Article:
While market-savvy investors pick multiple stocks (besides other asset classes) to custom-build a diversified portfolio, for the average retail investor, that strategy is time-consuming and could even be intimidating. Investing in ETFs is relatively easier and safer.
“ETFs offer low fund management expenses vis-à-vis direct investing into equities where you have costs like brokerage, GST, etc,” points out S Ravi, former chairman of the Bombay Stock Exchange (BSE).
Data from 2020 throws out the importance of ETFs in the Indian investing scene. While new demat investors grew by about 17 per cent in the last six months, the number of folios in Index/ETF schemes grew at a faster clip, indicating that investors are getting familiar with and are investing more through the ETF route. Figures speak for themselves: 37 per cent growth in Index Funds, 44 per cent in Gold ETFs and 52 per cent growth in non-Gold ETFs in the last six months.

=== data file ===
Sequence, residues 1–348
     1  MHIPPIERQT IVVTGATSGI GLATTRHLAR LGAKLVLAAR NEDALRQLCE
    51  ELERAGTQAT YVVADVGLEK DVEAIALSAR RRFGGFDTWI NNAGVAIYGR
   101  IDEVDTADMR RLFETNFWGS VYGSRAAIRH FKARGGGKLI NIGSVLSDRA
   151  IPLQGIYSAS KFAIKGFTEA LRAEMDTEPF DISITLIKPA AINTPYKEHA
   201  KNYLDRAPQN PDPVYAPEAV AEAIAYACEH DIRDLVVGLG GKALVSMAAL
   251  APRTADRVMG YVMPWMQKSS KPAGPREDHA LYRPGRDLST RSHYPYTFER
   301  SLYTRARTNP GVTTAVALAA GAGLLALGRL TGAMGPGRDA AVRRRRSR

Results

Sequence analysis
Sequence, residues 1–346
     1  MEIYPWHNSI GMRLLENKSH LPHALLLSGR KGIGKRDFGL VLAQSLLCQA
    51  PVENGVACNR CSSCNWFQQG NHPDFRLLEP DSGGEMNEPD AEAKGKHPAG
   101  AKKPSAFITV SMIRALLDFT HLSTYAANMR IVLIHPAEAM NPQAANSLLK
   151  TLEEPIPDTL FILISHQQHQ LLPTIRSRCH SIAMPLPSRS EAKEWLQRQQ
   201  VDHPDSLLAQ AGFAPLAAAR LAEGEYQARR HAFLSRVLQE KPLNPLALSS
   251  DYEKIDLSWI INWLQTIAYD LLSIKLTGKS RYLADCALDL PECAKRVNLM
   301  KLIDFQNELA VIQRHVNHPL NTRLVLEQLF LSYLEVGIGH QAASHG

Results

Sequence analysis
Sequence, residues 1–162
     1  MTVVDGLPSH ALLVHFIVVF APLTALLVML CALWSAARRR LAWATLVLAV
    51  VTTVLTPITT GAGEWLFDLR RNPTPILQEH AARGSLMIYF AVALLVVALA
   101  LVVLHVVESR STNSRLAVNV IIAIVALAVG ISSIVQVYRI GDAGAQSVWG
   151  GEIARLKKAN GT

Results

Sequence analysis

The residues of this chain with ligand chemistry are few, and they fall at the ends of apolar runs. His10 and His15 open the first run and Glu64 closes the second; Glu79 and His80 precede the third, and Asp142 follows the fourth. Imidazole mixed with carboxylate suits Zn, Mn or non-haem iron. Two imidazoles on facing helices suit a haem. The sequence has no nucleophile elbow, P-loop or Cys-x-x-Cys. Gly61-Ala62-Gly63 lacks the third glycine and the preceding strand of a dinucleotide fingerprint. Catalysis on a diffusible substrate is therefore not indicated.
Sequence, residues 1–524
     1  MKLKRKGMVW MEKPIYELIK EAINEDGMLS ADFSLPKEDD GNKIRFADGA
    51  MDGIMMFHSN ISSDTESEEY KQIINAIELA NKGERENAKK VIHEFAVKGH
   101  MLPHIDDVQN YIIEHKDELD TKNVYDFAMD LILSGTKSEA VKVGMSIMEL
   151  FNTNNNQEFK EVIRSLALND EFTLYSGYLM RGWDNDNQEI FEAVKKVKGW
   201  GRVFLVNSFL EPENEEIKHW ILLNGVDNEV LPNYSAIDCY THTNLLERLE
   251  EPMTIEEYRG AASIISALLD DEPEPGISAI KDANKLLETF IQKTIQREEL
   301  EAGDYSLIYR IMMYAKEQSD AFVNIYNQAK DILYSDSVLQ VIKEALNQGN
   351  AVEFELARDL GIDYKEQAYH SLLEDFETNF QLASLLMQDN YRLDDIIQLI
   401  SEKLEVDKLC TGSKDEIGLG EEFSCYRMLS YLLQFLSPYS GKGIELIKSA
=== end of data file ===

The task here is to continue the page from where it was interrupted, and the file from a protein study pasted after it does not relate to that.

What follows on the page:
One would, however, wonder if the swing would sustain after the Covid crisis wanes away. “The acceptance of ETF as an investment product has been on the rise over the past five years with the ETF assets – a sum of equity and debt – crossing the Rs 2-lakh-crore mark,” says Haria. This is in line with the trend seen in the US where the assets of passive funds like ETFs have become larger than active fund assets as investors have begun appreciating the potential of ETFs. “The shift towards ETFs is not very new in India. It merely got accelerated due to the pandemic,” says Jain. As markets mature and information asymmetry, or unevenness of information between investors, declines, it gets harder for active investment strategies to beat the benchmark consistently. “Investors thus move towards passive investments like ETFs. The same phenomenon is now unfolding in India.”
In the US, the assets under management (AUM) under ETFs grew fivefold in the last decade. The overall market cap only doubled in the same period. Passive investing through ETFs now makes almost 50 per cent of all assets for US stock-based funds. This ratio was at 25 per cent in 2010.
Despite the pandemic, investors into ETFs got liquidity and price transparency in their investments, notes Ravi.